Online Letters, August 29, 2017

PUBLISHED : Tuesday, 29 August, 2017, 3:14pm
UPDATED : Tuesday, 29 August, 2017, 3:14pm

Typhoons should remind us of the need to take sensible precautions

In Hong Kong some people were glad about getting a day off because of Typhoon Hato, but is was a very different situation in Macau (“Grieving Macau residents recount horror of Typhoon Hato”, August 26).

There were fatalities and many people’s homes were damaged by high winds and flooding. The Macau government (and especially the observatory) was heavily criticised for its response to the storm, in particular, for not taking the necessary preventive measures, such as raising higher typhoon signals earlier.

Governments in cities like Macau and Hong Kong should always have comprehensive preventive measures in place. Timely warnings should be issued to citizens explaining what they should do to stay safe when the storm hits. These cities do not get as many severe storms as other parts of the region, but they do happen and we must be ready for them.

We can learn from the preventive measures that have been put in place in Japan to deal with earthquakes. Of course the devastation from an earthquake can be far greater than a typhoon, but officials should still be prepared and be ready to act quickly. They also need to be able to help citizens when power is cut and supplies of essential items like fresh water are in short supply.

I hope Macau will recover as soon as possible and that the government will learn lessons from what happened last week.

Sandy Chan, Tseung Kwan O

A tough time for Hong Kong and Macau battered by strong winds and rain

Typhoon Hato caused a lot of damage to Hong Kong and Macau and disrupted transport including flights and it will take time for them to fully recover.

What concerned me was seeing news reports about some citizens acting irresponsibly and ignoring safety advice from the authorities. I saw one report where an elderly person was swimming in the sea when the typhoon signal No 10 had already been hoisted. He got out of the water safely and when interviewed said he was not scared of the typhoon. But if he had got into trouble rescue workers would have had to save him.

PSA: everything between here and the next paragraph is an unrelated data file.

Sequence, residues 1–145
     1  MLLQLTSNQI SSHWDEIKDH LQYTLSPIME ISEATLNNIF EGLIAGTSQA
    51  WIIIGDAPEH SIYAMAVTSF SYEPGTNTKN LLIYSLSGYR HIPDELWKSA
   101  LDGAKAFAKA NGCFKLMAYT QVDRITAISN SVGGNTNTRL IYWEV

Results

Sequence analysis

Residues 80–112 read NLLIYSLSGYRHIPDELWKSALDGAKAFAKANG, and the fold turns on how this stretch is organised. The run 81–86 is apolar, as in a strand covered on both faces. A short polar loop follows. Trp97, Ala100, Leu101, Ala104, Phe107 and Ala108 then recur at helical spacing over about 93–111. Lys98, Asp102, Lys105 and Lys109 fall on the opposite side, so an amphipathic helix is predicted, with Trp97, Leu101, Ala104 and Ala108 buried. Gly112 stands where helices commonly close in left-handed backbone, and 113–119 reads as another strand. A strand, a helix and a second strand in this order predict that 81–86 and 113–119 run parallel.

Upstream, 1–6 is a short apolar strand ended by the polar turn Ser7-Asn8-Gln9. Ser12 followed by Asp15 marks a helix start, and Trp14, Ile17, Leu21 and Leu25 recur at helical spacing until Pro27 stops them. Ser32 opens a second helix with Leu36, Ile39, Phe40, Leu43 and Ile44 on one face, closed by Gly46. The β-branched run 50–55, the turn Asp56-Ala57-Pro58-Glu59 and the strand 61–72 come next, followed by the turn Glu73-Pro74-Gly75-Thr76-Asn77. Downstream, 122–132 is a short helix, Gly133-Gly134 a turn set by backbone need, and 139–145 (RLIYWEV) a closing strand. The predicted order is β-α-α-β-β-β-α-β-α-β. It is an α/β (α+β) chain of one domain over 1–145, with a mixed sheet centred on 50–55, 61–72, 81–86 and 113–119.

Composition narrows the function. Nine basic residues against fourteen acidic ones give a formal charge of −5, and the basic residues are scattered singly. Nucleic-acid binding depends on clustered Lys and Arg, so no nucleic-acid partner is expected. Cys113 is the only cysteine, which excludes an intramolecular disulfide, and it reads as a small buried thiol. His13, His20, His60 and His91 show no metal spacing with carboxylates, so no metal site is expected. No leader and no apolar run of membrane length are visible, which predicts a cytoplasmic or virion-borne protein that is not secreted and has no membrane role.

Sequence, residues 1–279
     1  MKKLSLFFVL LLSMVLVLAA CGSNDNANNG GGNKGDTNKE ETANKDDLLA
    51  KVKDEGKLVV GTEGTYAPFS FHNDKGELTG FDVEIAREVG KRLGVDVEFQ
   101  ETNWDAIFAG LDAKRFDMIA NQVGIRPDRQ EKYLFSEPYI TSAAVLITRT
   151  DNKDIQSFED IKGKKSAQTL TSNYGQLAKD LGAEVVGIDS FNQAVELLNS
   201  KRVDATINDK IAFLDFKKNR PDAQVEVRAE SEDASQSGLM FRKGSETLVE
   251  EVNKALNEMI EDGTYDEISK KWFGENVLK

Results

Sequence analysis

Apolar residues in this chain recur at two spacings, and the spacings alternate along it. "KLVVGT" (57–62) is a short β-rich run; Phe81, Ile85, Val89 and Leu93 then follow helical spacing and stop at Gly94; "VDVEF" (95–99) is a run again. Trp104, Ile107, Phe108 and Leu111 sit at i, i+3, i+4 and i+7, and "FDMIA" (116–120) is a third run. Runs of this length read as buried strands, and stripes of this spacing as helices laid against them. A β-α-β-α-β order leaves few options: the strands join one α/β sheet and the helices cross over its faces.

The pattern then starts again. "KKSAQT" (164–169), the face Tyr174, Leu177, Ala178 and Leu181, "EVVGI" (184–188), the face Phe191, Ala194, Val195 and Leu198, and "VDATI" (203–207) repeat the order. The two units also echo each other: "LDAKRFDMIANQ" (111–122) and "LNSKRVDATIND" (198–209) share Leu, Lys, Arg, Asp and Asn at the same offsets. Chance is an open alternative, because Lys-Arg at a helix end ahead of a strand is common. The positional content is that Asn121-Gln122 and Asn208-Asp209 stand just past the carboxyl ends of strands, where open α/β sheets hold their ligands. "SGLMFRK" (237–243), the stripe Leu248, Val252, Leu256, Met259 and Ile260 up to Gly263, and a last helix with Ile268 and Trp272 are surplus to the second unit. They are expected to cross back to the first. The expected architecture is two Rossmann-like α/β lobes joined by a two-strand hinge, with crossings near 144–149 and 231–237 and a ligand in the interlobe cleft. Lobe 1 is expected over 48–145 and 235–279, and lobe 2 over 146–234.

Swimming when a typhoon signal is up is a life-threatening act. What if someone gets into trouble and a rescue worker dies trying to save him?

I also saw some employees going to work on the day of the storm. I assume they were instructed to do so and I think this is irresponsible on the part of employers. They are putting their desire to make profits over the safety of their employees and this is wrong.

Some people were still making deliveries and it can be dangerous to drive a vehicle, especially on open roads when there are strong crosswinds. People should have accepted that all deliveries would be suspended until after the typhoon had passed.

These attitudes taken by some Hongkongers are selfish and show a lack of consideration for the safety of other citizens. In future people need to be more considerate.

If need be the government should introduce legislation which stipulates that when the No 8 typhoon signal is hoisted employees do not have to go to work. Also, the government needs to raise levels of public safety awareness in Hong Kong.

Marco Chan Hei-yin, Lohas Park

Recent storms causing a lot of damage here and in the US

One of the worst consequences of the typhoons here on Wednesday and Sunday and Hurricane Harvey in the US, is the amount of flooding and the damage that it causes.

Buildings are damaged and the contents of people’s homes may be destroyed. Vehicles get trapped on waterlogged roads.